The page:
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Negotiations Update #3 Wages and Benefits - 12.7.16

Dear Colleagues,


So far I have tried to lay out what we have agreed upon in negotiations as well as some areas where we have differences.  Specifically, in the last update I spoke to evaluation, training, and time.

In November we helped pass a 5.5 mill levy for school operating funds.  Those additional dollars, over $5 million per year, will start to be collected in January 2017.  Surprisingly, when we returned to the bargaining table at the end of November we were informed by Treasurer Gainer that the district does not have any money.  In fact, it would be all they could do to scrape by giving us a 3 years contract with no raise in the first year and 1% in each of the next 2 years.  Anything beyond that would be impossible.

I have never heard the District in negotiations say they have money.  In fact, they always state that they don’t have any money.  Needless to say, I was not really surprised by this announcement.

We do not accept 0%,1%,1% for raises.  This would mean that we will have accepted 5.5% in raises over 8 years – the same period of time that STRS has taken out an additional 4% from our salaries.

With this revelation, we decided that the Board could probably not sign a 3 year contract as we had hoped, but that we could probably work together on a 2 year deal.  At this point in negotiations we are demanding the equivalent of 2% raises for both the first and second year of the contract.

Overload Compensation:

The District would like to eliminate the High School overload compensation that is in our contract.  This is a small recognition that it is not ideal to have more than 100 students on a caseload.  Originally the District wanted to increase the number of students needed.  Our proposal was to expand it for all classrooms district wide.  Our proposal was for any teacher who had more than 22 students in a class would be compensated per child per day, thus sending a message that we believe that smaller class size is important.  In our most recent packaging of items in negotiations we proposed that we would agree to eliminate the overload compensation altogether if ALL classes throughout the District had an absolute cap of 22 students.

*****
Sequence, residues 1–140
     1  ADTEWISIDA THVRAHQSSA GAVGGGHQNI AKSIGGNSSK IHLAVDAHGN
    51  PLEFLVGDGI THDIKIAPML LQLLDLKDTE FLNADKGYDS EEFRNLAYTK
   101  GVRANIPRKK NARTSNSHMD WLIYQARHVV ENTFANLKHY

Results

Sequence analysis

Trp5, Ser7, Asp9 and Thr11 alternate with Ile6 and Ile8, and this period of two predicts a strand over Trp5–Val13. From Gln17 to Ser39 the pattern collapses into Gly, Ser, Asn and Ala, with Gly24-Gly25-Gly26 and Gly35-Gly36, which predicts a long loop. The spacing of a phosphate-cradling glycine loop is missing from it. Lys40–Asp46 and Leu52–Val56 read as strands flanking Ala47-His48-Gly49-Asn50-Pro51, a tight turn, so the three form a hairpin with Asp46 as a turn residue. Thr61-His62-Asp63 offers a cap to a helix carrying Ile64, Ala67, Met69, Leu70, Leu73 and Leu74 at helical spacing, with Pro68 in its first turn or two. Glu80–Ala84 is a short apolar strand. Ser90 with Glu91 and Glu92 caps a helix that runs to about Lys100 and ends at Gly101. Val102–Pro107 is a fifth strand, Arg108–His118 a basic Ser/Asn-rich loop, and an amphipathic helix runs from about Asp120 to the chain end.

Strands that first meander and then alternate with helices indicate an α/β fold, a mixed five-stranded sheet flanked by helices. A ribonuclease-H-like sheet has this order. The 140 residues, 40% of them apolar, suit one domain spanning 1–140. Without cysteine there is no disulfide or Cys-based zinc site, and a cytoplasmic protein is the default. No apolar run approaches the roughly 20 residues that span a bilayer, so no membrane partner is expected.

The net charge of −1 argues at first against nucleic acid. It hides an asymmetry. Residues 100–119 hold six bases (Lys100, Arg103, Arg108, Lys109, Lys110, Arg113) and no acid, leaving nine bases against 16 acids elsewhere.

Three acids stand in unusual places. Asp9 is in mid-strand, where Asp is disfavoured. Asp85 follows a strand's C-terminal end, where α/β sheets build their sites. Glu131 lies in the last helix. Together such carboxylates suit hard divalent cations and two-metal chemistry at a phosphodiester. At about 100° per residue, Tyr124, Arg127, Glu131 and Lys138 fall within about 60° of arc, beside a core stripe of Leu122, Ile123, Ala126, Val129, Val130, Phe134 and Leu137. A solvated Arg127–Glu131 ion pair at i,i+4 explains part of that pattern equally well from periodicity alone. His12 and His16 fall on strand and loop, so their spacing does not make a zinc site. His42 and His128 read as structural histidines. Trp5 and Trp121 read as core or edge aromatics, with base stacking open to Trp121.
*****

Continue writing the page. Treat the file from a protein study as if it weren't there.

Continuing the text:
We believe that the pay scale for our ancillaries is too low and does not recognize education.  We have proposed adding lanes for a Bachelor Degree, BA plus 20 hours, Masters Degree, and MA plus 20 hours.  The District has not included any changes in to the ancillary pay scale in their current proposal.


We proposed improvements to our medical benefits.  We would like to add hearing exams and hearing aids, increase vision benefits for both exams and glasses, and increase dental annual limits.  The District determined what they believe these increases will cost and proposed that we raise our yearly contribution to the premiums from $550 single to $675, and $1500 family to $1700.  We believe that the increases in benefits justify the increase in contribution. 


What happens in negotiations is that once we start talking about money issues most everything else becomes much less important.  Our current proposals no longer contain many of the items that we originally considered important, but we had to prioritize.  For instance, we wanted to increase “overnight pay” for teachers who are out of town with students.  It has been the same forever and we want it to be a formula indexed to base salary.  It is not a make a break item so it has been withdrawn.  The same is true for many other issues; improvements to severance, retirement enhancement and incentive, differentials based on professional license, and several others.

In Union,

Ari Klein, President

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